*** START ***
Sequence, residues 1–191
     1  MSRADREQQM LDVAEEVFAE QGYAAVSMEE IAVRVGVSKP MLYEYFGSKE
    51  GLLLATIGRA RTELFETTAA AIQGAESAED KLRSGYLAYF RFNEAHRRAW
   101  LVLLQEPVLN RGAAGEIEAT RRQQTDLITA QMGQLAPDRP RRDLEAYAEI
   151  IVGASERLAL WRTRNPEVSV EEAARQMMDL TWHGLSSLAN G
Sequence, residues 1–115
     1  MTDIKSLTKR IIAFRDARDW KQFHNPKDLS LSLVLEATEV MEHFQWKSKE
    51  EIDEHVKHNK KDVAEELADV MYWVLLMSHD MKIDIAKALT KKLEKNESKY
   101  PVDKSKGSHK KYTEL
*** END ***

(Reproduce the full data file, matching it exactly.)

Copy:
Sequence, residues 1–191
     1  MSRADREQQM LDVAEEVFAE QGYAAVSMEE IAVRVGVSKP MLYEYFGSKE
    51  GLLLATIGRA RTELFETTAA AIQGAESAED KLRSGYLAYF RFNEAHRRAW
   101  LVLLQEPVLN RGAAGEIEAT RRQQTDLITA QMGQLAPDRP RRDLEAYAEI
   151  IVGASERLAL WRTRNPEVSV EEAARQMMDL TWHGLSSLAN G
Sequence, residues 1–115
     1  MTDIKSLTKR IIAFRDARDW KQFHNPKDLS LSLVLEATEV MEHFQWKSKE
    51  EIDEHVKHNK KDVAEELADV MYWVLLMSHD MKIDIAKALT KKLEKNESKY
   101  PVDKSKGSHK KYTEL